Is Violence Necessary?

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Professor Dozier
English 001A/ 1149
21 March 2011
Is Violence Necessary?
We have come to a point where everyone feels unsafe and unsecure because of the countless acts of violence that are happening in our society. There had been so many people in the past who died, who became victims, who were injured, and who suffered because of other people’s violent behaviors. When we open the television, we see people killing, murdering and abusing other individuals or group of people. We see all the news headlines in newspapers screaming about the unending conflicts between nations and unimaginable crimes that are happening in every part of the world. As of today, violence is doubtlessly widespread and this has been one of the issues that our society is still struggling to find for solutions. We might recognize the fact that almost all of us have good morals and values, and have good intentions but we can not deny that people are also capable of the most offensive and menacing behavior. But we always ask ourselves, do we get something good out of acting violently? Many of us object on the spread of violence because for the obvious reason that imposing pain into a person, making him suffer or lose his life is an immoral act. We might also need to acknowledge the fact that people have their own reasons and intentions for acting violently, but is it worth it? Is violence necessary to solve every conflict? Is violence really necessary that most of the people have been engaging themselves with these all sort of obnoxious behaviors? Violence is not necessary especially in situations where violence is not used for a good cause and there are also other ways to compromise a dispute, but there are also extreme situations where violence is necessary especially when we are protecting our lives or other people’s lives from evil people.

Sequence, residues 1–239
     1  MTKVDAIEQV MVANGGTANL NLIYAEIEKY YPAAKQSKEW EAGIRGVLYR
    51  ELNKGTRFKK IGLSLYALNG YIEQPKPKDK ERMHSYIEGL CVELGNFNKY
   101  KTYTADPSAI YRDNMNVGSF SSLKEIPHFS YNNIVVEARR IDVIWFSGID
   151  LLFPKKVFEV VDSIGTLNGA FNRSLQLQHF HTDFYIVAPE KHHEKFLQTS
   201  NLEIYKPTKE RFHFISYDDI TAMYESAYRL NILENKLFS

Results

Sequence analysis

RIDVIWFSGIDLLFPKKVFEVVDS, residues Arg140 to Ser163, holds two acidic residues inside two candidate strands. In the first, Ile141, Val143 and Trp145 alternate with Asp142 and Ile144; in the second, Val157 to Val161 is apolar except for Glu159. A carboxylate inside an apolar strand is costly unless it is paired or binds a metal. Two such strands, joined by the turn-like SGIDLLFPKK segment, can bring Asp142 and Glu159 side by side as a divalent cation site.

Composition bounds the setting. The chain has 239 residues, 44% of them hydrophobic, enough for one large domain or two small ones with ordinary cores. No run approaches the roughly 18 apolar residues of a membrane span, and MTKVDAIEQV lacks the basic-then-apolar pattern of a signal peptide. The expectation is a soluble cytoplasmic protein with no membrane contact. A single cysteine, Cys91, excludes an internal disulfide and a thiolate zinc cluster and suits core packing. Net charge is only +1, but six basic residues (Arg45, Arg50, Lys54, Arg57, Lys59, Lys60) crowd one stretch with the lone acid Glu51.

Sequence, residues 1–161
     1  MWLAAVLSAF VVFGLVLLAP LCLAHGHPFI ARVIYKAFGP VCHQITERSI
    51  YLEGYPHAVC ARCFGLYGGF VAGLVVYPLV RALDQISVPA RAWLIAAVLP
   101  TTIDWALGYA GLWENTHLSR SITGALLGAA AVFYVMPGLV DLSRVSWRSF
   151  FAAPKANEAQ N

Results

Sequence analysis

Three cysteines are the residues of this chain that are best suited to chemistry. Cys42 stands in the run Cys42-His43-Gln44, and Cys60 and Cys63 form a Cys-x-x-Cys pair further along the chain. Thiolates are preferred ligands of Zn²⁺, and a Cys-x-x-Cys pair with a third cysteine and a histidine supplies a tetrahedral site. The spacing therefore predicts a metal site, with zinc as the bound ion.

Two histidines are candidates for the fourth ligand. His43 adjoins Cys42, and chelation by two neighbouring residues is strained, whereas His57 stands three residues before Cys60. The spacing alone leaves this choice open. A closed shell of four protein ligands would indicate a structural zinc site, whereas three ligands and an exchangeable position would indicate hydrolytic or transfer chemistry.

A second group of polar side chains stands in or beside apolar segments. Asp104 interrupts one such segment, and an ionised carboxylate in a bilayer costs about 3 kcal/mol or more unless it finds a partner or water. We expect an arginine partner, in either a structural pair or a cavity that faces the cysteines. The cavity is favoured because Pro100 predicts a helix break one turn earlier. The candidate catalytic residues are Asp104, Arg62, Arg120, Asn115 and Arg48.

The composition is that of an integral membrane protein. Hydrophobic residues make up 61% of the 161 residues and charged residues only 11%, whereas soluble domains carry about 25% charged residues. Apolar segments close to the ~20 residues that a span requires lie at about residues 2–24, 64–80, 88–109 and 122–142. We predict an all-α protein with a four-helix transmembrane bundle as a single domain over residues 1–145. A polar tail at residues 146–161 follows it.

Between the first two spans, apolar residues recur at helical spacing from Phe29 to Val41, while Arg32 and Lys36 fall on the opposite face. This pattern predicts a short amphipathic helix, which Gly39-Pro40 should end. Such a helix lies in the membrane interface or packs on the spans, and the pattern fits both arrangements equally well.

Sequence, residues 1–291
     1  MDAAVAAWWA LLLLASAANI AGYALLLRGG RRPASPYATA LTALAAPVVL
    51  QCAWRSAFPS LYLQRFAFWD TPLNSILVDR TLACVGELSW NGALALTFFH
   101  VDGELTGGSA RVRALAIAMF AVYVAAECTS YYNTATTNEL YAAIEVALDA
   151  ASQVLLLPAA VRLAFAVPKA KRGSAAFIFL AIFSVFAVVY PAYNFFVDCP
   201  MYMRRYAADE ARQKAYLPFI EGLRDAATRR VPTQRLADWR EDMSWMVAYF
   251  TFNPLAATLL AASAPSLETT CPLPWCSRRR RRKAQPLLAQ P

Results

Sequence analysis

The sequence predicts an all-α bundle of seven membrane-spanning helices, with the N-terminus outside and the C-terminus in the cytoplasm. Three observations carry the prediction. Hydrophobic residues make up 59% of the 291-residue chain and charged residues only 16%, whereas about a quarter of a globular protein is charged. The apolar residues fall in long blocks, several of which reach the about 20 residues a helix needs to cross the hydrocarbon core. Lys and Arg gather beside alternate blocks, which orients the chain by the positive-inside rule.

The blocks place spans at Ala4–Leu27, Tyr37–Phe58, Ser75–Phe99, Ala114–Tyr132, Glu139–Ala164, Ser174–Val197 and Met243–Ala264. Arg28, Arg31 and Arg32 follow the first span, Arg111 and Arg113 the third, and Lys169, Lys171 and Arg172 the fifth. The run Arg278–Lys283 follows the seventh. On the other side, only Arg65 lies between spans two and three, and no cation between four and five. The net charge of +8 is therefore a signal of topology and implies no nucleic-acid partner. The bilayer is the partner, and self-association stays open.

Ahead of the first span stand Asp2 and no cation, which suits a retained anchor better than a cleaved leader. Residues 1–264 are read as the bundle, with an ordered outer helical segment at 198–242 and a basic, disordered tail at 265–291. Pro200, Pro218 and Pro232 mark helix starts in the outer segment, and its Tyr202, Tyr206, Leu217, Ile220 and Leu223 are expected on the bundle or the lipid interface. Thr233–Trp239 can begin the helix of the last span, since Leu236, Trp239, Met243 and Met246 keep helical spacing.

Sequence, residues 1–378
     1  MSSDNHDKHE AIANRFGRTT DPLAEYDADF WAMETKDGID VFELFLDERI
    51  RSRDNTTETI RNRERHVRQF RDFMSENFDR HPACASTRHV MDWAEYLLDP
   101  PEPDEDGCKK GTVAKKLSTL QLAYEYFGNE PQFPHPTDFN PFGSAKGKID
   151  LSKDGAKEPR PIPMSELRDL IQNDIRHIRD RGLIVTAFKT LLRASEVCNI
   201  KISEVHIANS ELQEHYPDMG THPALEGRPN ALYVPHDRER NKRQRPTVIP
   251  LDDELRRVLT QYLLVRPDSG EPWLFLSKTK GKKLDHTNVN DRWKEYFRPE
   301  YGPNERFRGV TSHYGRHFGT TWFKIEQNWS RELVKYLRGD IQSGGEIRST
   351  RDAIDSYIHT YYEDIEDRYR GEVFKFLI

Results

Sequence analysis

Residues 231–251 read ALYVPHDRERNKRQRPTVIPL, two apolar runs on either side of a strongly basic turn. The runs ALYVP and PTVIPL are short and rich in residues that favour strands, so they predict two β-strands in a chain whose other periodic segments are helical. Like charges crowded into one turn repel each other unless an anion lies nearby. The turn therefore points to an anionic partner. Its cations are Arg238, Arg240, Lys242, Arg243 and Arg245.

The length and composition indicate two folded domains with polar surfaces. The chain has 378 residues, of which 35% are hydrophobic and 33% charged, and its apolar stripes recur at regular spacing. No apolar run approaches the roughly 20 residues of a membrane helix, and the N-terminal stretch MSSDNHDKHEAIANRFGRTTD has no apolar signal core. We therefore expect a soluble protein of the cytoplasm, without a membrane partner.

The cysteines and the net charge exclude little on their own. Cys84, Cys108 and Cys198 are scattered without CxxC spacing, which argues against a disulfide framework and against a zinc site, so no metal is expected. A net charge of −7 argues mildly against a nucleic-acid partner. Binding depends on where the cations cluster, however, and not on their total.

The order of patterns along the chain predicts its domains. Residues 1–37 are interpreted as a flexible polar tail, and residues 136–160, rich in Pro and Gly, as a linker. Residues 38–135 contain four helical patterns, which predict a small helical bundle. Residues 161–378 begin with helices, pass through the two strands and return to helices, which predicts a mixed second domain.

There are different cases of violence that are happening in our society today and one of the most serious cases of violence is domestic violence. To begin with, domestic violence is beyond any doubt not necessary because it can only disrupt victims’ lives. It is unfortunate to think that a man or woman in a marriage or in an intimate relationship feels the need to physically, emotionally, and verbally abuse their partner just to release their anger or to take over their relationship. They do not realize that abusing their partner will not change a thing but it can only lead to long term consequences on the victims. First, public safety consultant Anney Seymour points out that in household where violence is rampant, children are usually the “overlooked victims” and they will eventually suffer from psychological and emotional problems throughout their lives (1). Anney Seymour asserts that children’s self-esteem can be altered by their incapacity to stop the abuse behavior which can result to their feeling of powerlessness (1). According to research, children living in domestically violent household suffer from fear, anxiety, insomnia, and nightmares. Young children also exhibit emotional symptoms such as “psychosomatic complaints” created by psychological stress. Children may feel responsible to stop the violence and thus they will put themselves at risk for unintentional harm. They will also exhibit phobias or try to run away and escape. Second, domestic violence is not necessary because children learn from their parents that imposing pain toward a family member is acceptable and they learn at an early age that “the tools of conflict resolution are fists, knives and guns” (Seymour 1). Anney Seymour emphasizes that “the male partner who batters is a substance abuser or experienced violence as a child, either as a witness or a victim of abuse” (1). People who feel that abusing their partners is a necessity for their own benefit are selfish enough to motivate their children to become like them in the future. How can we prevent violence if parents themselves continue to impose to their children that...
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